Sometimes foundations feel that if something is going to happen, they have to be the ones to create it or invent it. They want to call it their own initiative on X. Sometimes you have to drop that and recognize that Michael Lipsky’s already invented that thing. Right now it’s reaching 16 states. It’s got capacity to reach many more states. Let’s go with that.
We got together the foundations and people at the Center on Budget, and one or two other people that we brought in as consultants. We evaluated the initial proposals and identified 15 that seemed to be very strong. Using four consultants that we had identified for the project, we then visited all of the projects.
When Ford came to town, they first met with some of our board members and me. Then they went out and met with some representatives at the legislature to try to get an idea of whether Alabama Arise really did have any credibility out around the State of Alabama.
In the end we chose 12 to be the founding members of the State Fiscal Analysis Initiative. Even though all of the organizations are different from one another, what they share is a common commitment to the three primary expectations of the groups: that they produce analysis and research that’s accessible, that’s timely, and that’s reliable.
Promoting Equity and Fairness
Alabama Arise is a distinctive SFAI grantee. The Arise people have been very successful in drawing their agenda from the interests of their members through listening sessions.
Alabama Arise Member
They’re asking us what our issues are and we never really had that before. If the listening session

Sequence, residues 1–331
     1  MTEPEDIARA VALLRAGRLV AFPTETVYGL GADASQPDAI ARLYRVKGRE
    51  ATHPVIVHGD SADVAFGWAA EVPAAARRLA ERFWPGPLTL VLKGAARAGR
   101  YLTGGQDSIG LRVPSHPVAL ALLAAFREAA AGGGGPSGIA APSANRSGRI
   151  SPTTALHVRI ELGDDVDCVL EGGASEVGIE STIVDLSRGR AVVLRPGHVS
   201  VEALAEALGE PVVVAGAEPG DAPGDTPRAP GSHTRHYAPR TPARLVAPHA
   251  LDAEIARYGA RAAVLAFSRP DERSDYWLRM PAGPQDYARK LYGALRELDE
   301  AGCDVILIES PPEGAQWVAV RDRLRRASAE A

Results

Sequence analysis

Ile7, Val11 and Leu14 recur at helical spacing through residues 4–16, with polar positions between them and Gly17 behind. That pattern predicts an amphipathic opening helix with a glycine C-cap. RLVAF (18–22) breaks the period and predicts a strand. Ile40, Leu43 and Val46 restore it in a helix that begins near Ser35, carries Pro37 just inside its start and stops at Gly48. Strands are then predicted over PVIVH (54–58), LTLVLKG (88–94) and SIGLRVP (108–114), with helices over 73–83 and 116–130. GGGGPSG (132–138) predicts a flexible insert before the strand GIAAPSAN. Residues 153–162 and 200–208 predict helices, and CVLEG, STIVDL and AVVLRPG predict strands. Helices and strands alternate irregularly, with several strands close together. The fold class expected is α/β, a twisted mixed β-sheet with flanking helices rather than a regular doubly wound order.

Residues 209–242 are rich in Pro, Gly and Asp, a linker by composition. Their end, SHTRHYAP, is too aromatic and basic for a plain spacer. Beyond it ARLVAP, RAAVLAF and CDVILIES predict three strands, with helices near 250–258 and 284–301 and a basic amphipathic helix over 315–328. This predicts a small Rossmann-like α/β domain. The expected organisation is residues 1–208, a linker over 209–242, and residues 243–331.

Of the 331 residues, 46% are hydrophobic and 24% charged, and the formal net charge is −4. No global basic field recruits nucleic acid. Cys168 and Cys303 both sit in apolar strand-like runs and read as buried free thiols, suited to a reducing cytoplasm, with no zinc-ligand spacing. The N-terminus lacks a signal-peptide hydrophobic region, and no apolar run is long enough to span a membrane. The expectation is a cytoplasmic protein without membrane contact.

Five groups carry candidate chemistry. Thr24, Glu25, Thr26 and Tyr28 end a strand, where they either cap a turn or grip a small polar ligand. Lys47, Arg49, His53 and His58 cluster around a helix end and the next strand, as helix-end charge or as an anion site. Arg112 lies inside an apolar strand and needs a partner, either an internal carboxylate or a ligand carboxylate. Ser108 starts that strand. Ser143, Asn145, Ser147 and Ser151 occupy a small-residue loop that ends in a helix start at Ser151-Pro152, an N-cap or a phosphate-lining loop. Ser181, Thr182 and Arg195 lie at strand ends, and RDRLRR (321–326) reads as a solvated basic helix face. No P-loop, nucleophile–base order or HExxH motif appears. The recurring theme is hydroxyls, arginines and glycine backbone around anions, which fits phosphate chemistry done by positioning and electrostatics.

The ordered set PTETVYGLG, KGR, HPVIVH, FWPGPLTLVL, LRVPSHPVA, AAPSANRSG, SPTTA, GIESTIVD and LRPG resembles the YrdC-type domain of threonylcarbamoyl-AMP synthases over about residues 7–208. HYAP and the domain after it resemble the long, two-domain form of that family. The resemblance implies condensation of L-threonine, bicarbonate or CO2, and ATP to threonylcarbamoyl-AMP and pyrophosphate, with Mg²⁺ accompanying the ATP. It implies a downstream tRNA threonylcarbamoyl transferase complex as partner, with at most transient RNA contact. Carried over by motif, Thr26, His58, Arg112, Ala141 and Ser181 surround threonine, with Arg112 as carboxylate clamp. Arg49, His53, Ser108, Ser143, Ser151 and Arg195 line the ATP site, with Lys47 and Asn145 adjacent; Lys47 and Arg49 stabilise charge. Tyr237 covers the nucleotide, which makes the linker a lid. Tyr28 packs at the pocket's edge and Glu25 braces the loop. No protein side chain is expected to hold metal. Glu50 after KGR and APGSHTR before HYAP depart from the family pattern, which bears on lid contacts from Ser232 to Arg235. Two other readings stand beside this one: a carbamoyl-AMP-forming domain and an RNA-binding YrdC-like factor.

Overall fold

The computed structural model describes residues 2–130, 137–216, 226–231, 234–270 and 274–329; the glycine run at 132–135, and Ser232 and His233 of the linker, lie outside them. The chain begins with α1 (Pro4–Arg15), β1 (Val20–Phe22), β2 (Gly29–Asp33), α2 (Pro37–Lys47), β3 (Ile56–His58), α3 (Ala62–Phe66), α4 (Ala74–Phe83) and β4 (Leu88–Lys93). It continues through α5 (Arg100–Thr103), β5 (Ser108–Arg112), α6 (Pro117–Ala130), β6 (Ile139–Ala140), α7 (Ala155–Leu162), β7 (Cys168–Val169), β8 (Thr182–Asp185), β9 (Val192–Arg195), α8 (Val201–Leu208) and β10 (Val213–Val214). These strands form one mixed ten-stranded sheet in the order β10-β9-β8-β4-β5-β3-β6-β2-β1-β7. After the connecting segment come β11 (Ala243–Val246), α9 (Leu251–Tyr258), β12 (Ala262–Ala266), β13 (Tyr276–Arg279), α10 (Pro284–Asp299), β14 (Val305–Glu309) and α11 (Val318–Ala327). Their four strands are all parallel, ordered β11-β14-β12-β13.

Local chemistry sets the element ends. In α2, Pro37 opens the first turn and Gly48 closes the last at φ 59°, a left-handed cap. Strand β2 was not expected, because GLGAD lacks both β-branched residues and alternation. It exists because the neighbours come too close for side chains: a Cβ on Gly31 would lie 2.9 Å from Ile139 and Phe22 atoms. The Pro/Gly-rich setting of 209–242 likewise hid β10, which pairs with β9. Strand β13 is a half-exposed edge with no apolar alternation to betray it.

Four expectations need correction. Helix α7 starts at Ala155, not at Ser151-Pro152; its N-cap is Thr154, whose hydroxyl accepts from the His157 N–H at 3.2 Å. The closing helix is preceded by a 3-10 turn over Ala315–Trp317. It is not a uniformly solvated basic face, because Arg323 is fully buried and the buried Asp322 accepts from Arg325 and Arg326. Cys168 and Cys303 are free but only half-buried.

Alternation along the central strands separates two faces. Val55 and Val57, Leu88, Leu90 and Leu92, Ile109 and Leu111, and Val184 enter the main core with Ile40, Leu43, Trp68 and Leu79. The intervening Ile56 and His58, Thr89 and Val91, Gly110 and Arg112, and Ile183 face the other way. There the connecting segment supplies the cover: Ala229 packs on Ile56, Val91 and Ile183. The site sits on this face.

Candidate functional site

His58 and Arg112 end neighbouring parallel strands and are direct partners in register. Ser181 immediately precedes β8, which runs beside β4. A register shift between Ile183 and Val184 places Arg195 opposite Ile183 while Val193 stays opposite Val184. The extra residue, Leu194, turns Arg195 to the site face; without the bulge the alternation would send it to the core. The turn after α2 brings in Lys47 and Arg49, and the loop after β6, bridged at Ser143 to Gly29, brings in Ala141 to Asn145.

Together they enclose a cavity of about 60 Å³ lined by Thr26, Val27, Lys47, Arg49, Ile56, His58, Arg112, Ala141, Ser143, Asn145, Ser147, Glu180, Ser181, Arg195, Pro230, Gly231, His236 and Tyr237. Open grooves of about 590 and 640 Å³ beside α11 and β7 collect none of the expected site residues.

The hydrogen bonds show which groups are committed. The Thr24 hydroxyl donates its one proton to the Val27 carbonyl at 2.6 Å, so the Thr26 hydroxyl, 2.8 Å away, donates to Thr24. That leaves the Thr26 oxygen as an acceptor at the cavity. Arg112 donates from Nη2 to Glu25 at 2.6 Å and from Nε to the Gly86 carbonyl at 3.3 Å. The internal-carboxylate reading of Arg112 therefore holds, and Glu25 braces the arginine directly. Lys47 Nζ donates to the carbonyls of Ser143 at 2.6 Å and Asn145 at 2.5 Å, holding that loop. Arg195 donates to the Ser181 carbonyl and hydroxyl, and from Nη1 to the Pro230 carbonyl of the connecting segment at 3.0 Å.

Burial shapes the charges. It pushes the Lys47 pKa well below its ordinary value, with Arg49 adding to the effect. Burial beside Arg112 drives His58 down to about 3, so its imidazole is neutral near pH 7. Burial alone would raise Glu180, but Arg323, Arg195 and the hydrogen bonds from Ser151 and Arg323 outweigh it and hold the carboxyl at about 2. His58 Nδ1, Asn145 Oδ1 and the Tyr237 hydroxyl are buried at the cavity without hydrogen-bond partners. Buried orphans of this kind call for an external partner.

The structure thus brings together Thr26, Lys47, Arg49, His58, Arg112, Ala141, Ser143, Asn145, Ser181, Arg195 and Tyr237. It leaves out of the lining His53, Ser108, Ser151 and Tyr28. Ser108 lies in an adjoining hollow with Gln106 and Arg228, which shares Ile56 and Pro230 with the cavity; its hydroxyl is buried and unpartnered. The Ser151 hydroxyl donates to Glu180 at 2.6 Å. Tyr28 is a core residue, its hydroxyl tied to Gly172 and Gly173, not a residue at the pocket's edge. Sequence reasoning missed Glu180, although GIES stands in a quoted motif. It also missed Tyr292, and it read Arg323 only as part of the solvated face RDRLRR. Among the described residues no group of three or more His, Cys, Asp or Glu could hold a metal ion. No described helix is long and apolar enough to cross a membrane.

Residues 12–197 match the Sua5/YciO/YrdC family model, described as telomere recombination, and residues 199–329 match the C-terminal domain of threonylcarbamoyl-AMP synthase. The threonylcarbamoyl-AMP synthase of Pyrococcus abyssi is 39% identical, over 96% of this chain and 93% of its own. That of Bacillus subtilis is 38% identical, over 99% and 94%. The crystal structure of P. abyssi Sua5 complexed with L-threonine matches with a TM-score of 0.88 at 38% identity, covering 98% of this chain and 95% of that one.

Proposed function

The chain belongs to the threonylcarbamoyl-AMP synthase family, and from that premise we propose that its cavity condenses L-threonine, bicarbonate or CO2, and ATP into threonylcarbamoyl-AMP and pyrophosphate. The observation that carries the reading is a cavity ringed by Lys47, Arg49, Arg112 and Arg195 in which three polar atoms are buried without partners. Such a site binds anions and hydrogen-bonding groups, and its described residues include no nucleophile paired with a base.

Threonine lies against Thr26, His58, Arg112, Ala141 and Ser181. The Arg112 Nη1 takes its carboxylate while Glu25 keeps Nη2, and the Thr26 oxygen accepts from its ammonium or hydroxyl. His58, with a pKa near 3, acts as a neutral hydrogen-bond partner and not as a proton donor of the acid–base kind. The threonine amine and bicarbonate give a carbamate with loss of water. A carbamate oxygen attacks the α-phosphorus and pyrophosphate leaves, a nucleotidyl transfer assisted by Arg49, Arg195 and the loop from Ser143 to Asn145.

wasn’t there, the programs wouldn’t know what the community needed. That’s why I think the
listening session is very important.
We take the issues that the members identify as critical, such as transportation in their communities or tax reform. For instance, “Why is our state not doing something about tax reform?” We come back and try to put policy proposals together that’ll meet the concerns that they’re talking about. There’s that constant give-and-take between the policy issues and the budget issues as they’ll be understood at the legislature and then what that’s going to work out to in the community when it’s actually put into effect.
Rep. John Knight
Alabama State House of Representatives
Alabama Arise is extremely important to members of our legislature, particularly the Alabama Legislative Black Caucus. They’re not lobbyists down here representing poor people, people that are underserved in the community. We rely on them for research. We rely on them for advice. What they provide is research. They provide information. They provide knowledge. They provide the things we need that we didn’t have before Alabama Arise was here. They are very effective in terms of addressing the issue of those people who are not served by the special interest groups, or what we call the “big mules” in the State of Alabama.